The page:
Last year was our first season for this mission , and it was so very blessed . We grew an extra row of beans , squash, and cukes for all our consecutive plantings in our fields. People from my Church came one night a week, We picked, washed and packed , then I delivered it to the food shelf in Enfield.

This year the produce will be going there again and also to the homeless veterans in Rockville.

Our farm was able to donate over 5 1/2 tons of fresh picked veggies last season! Our first delivery was squash and we expect to be picking weekly thru September. 

May the good Lord bless these crops again so we can share with those in need!


rainTo say it’s been a very hot & dry summer so far is an understatement! My hose and I have been diligently watering every single night, the sections of crops are so big that it takes hours to water one. Our first three corn pieces are under stress from lack of water, still not sure if they will survive, we are praying for some much needed rain!

The rest of the crops are doing fine, thank God for our hoses. Our broccoli crop is coming to an end, the last of it is up on the stand today until we harvest our fall crop.

The first picking of our cabbage crop is on the stand today and also three different varieties of beans, I can’t wait to cook some of these up for dinner.

If you are interested in making pickles, (see our easy recipe here)  please contact us, our new picklers are almost ready for bulk orders.

Have a most blessed Sunday ! We are still honor system for the stand , so make sure you bring enough ones and fives .

We also accept check made out to Rushmore Farm.

Plans For Pickles

You can ferment pickles at home and get the same flavor profile of New York’s Full Sour Pickle. This fermented cuke is known for its unique flavor. These naturally cured pickles are heavily seasoned with dill and garlic. This recipe works with yellow squash, zucchini, I also slice them for uniformity.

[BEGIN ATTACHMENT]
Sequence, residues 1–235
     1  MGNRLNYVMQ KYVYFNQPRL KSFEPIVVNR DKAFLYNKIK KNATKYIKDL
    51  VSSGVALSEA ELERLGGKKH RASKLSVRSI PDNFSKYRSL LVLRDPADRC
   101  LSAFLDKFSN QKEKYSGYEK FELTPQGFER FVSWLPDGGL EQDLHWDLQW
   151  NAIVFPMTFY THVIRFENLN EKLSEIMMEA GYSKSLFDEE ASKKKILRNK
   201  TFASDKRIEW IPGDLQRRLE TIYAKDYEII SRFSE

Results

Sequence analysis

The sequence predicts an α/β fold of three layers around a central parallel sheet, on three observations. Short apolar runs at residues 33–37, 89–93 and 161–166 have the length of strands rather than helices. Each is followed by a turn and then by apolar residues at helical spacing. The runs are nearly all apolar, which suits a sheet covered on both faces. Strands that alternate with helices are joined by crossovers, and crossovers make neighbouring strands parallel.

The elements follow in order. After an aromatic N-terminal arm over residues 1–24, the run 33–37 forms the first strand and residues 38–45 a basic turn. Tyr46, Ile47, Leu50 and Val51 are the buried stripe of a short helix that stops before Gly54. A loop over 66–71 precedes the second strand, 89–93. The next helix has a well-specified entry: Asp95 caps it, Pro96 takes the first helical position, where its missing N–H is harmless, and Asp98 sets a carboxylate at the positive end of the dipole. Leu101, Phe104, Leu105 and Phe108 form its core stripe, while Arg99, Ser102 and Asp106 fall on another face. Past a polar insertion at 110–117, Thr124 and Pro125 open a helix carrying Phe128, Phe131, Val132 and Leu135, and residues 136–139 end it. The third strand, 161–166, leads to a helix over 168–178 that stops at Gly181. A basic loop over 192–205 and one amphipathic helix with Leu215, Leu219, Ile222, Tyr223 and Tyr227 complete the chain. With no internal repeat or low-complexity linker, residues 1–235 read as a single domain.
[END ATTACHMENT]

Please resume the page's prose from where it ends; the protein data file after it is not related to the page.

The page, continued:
Spice it up. I add whole dried peppers to give it some more zip. Experiment with flavors you like.


5 Tbsp. sea salt

2 quarts’ chlorine-free water

4-6 grape, oak, or horseradish leaves

6-9 cloves garlic, peeled

2 large heads of dill

Spices to taste: black peppercorns, red pepper flakes, mustard seeds, etc. (Secret ingredient: for an extra bite, add a few strips of fresh horseradish to the spice mix!)

Enough pickling cucumbers to fill a ½-gallon jar

INSTRUCTIONS: Make a brine by dissolving 5 tablespoons sea salt in 2 quarts of chlorine-free water.

In a half-gallon jar add a couple of the tannin-containing leaves, a few cloves of garlic, the heads of dill, and ⅓ of the spices.

Pack half of the cucumbers tightly on top of the spices. (The longest ones work best at the bottom.)

Repeat a layer of leaves, garlic, and spices. Add another tightly packed layer of cucumbers and top them off with more garlic and spices.

Pour the brine over the pickles, leaving 1-2 inches of headspace. Place another tannin-containing leaf on top of the pickles as a cover between the pickles and the surface of the brine. Use a fermentation weight to keep the pickles under the liquid, if necessary. Cover the jar with a tight lid, airlock lid, or coffee filter secured with a rubber band.

Ferment at room temperature (60-70°F is preferred) until desired flavor and texture are achieved. If using a tight lid, burp daily to release excess pressure. The brine should turn cloudy and bubbly, and the pickles should taste sour when done.

Eat right away, or store in a refrigerator or root cellar for months and enjoy them all winter long.